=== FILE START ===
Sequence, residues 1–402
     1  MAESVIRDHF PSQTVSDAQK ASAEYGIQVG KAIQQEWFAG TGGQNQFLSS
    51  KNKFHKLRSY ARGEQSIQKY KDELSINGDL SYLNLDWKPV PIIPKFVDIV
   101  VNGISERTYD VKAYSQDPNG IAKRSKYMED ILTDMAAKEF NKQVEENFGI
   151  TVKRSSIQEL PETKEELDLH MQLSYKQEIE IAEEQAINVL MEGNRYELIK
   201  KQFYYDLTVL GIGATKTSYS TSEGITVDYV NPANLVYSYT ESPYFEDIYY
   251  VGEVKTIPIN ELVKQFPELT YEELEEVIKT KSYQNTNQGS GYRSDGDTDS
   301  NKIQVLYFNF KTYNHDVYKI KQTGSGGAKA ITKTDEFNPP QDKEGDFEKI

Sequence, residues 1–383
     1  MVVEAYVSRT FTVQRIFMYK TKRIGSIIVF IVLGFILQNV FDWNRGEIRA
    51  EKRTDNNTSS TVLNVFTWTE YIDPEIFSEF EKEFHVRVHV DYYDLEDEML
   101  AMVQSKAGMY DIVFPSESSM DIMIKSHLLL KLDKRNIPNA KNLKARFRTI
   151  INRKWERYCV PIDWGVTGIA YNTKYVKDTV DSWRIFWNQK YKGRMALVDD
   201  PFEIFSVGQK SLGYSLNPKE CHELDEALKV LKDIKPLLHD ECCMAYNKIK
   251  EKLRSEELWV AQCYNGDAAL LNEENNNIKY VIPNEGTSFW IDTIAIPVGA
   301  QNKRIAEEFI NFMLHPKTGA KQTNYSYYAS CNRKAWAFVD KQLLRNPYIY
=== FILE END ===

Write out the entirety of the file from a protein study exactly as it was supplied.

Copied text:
Sequence, residues 1–402
     1  MAESVIRDHF PSQTVSDAQK ASAEYGIQVG KAIQQEWFAG TGGQNQFLSS
    51  KNKFHKLRSY ARGEQSIQKY KDELSINGDL SYLNLDWKPV PIIPKFVDIV
   101  VNGISERTYD VKAYSQDPNG IAKRSKYMED ILTDMAAKEF NKQVEENFGI
   151  TVKRSSIQEL PETKEELDLH MQLSYKQEIE IAEEQAINVL MEGNRYELIK
   201  KQFYYDLTVL GIGATKTSYS TSEGITVDYV NPANLVYSYT ESPYFEDIYY
   251  VGEVKTIPIN ELVKQFPELT YEELEEVIKT KSYQNTNQGS GYRSDGDTDS
   301  NKIQVLYFNF KTYNHDVYKI KQTGSGGAKA ITKTDEFNPP QDKEGDFEKI

Sequence, residues 1–383
     1  MVVEAYVSRT FTVQRIFMYK TKRIGSIIVF IVLGFILQNV FDWNRGEIRA
    51  EKRTDNNTSS TVLNVFTWTE YIDPEIFSEF EKEFHVRVHV DYYDLEDEML
   101  AMVQSKAGMY DIVFPSESSM DIMIKSHLLL KLDKRNIPNA KNLKARFRTI
   151  INRKWERYCV PIDWGVTGIA YNTKYVKDTV DSWRIFWNQK YKGRMALVDD
   201  PFEIFSVGQK SLGYSLNPKE CHELDEALKV LKDIKPLLHD ECCMAYNKIK
   251  EKLRSEELWV AQCYNGDAAL LNEENNNIKY VIPNEGTSFW IDTIAIPVGA
   301  QNKRIAEEFI NFMLHPKTGA KQTNYSYYAS CNRKAWAFVD KQLLRNPYIY